Conference paper Open Access

Benchmarking Octave, R and Python platforms for code prototyping in Data Analytics and Machine Learning applications programming

Harris Georgiou


Octave, R and Python identical codes are tested in terms of in terms of end-user execution speed, using a very low-end "embedded" hardware system and a standard office workstation. The codes include algorithmic primitives common in Data Analytics and Machine Learning, i.e., matrix manipulation (inversion, product), linear Algebra, linear regression, Singular Value Decomposition (SVD), fast Fourier transformation (FFT) and a baseline Bubblesort implementation for testing flow control structures.



In Data Analytics and Machine Learning, code prototyping is an integral part of the Research & Development (R&D) process, especially in data exploration and algorithm design. The programming tools and platforms used for these tasks are selected for rich API/library base, high-level expression syntax, very compact code, interactive on-the-fly code input, abstract data management and best-possible execution speed. Thus, traditional programming languages are usually inappropriate for such heavily iterative and exploratory coding evolutions.

Today, by far the three most popular and appropriate choices are Octave, R and Python. In this work, these three programming environments are assessed in terms of end-user execution speed. More specifically, some common algorithmic primitives are implemented and tested in each language separately, including matrix manipulation (inversion, product), linear Algebra, linear regression, Singular Value Decomposition (SVD), as well as fast Fourier transformation (FFT) as a standard procedure in a signal processing pipeline. Additionally, a baseline implementation of the Bubblesort algorithm is employed for testing the efficiency of flow control structures and execution performance in code branching.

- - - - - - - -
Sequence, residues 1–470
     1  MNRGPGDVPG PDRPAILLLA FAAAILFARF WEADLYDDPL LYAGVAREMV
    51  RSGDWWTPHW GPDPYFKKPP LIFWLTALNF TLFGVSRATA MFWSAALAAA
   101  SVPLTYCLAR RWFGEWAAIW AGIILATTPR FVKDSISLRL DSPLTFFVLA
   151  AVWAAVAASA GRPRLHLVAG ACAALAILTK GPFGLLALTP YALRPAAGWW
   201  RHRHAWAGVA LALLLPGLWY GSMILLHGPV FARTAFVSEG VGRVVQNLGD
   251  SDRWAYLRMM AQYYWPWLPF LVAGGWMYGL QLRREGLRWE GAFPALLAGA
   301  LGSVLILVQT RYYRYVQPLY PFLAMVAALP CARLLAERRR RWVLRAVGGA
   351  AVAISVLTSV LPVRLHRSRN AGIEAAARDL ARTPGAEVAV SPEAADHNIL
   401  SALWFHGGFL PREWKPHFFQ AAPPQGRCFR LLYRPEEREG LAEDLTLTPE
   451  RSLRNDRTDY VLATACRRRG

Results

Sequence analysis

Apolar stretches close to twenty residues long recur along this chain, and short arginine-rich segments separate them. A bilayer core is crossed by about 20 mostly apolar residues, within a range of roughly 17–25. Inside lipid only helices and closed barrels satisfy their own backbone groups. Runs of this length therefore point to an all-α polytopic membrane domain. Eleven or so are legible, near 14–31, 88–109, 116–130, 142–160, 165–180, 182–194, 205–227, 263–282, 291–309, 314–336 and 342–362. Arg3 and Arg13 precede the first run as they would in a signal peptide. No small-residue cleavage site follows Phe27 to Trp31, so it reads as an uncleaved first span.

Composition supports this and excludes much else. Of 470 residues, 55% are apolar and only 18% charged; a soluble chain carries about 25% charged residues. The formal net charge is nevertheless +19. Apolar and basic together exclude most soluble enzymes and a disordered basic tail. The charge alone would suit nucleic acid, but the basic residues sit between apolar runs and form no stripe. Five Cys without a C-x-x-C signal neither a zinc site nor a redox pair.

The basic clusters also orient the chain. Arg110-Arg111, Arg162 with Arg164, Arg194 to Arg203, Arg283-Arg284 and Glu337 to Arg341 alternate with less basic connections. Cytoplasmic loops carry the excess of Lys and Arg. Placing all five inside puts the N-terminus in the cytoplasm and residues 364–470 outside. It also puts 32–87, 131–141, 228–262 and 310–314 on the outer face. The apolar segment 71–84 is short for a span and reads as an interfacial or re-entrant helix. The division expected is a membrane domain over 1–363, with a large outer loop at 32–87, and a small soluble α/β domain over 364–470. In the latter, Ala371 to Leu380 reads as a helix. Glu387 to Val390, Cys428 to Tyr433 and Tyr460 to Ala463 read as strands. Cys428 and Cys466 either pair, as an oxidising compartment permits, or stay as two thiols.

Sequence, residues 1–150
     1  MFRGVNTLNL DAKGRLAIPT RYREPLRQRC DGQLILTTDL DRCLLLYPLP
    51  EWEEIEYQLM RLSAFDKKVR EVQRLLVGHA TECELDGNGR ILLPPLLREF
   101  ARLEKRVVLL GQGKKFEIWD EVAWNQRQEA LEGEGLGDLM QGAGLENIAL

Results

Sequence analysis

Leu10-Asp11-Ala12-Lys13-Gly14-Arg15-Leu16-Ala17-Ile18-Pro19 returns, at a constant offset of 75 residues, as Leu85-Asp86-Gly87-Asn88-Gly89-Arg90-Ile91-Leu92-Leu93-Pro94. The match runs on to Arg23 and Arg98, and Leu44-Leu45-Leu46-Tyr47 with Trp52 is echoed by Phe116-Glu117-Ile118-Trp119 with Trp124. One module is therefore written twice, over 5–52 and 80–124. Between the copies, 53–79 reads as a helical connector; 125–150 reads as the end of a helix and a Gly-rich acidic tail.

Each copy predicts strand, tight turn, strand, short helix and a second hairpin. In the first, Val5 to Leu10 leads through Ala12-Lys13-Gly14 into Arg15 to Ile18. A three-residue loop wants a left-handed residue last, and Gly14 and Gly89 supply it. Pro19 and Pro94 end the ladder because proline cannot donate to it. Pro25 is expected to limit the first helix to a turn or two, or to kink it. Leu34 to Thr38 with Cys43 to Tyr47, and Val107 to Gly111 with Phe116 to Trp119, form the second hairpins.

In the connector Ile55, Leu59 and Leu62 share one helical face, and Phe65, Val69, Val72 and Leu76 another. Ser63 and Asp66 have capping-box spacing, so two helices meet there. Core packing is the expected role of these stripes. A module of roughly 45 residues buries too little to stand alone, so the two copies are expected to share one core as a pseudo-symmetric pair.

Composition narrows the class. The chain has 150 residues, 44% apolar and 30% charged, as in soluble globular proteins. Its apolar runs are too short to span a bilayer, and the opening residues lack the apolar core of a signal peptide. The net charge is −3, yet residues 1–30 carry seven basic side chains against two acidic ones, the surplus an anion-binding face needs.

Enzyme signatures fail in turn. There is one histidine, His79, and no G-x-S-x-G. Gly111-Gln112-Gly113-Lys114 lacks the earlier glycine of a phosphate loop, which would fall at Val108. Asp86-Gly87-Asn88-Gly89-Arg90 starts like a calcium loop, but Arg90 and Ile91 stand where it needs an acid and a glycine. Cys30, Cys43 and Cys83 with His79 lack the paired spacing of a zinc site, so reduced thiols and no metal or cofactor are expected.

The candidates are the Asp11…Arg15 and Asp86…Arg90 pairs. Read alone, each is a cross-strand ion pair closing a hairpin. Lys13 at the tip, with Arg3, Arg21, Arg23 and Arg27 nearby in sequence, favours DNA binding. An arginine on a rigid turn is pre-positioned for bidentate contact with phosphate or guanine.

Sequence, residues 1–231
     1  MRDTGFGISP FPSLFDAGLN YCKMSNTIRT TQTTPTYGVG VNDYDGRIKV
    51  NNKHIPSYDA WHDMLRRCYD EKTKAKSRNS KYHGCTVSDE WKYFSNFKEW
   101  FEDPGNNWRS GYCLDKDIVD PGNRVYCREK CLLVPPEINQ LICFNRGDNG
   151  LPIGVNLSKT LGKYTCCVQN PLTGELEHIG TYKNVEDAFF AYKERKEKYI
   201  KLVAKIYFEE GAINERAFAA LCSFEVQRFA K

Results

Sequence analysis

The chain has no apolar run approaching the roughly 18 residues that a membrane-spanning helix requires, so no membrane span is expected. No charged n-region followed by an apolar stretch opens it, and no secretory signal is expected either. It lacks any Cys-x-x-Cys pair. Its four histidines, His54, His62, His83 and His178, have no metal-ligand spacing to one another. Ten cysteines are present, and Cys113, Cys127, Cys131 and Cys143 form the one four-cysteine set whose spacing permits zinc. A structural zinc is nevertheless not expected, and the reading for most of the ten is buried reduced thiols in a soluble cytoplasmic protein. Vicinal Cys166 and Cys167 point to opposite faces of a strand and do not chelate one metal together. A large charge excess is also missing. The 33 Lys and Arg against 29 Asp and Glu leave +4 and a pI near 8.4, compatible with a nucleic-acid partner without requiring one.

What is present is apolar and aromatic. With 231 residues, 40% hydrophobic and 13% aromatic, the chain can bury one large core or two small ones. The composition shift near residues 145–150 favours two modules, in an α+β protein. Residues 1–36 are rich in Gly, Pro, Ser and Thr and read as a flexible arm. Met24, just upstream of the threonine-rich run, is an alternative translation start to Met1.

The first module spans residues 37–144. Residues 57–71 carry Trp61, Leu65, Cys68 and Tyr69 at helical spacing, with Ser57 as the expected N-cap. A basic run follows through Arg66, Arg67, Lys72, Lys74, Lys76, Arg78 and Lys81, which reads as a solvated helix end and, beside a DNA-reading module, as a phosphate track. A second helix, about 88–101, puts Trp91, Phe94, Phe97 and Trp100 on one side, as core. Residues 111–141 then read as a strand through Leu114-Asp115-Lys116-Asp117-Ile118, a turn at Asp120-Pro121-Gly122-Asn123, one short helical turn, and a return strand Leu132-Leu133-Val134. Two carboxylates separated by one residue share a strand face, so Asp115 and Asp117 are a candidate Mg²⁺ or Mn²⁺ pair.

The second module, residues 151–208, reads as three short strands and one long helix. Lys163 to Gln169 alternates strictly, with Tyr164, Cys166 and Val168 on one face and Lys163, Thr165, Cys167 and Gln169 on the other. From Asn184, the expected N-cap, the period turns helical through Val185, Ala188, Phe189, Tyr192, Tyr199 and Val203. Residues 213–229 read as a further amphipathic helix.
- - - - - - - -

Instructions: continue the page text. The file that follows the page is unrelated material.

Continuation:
The results present the performance of the three identical source codes in terms of end-user execution speed (elapsed time) in three different hardware platforms, namely: (1) simulating very low-end processing and resources machine similar to embedded systems (Linux, 2GB RAM, N20 Atom single-core CPU), (2) a standard/enhanced office workstation (Win10, 16GB RAM, dual-core i7 CPU) and (3) a high-end workstation or small office server (Win10, 32GB RAM, quad-core i7 CPU).

Conference: FossComm 2018 @ 13-14 October, Heraklion, Greece.
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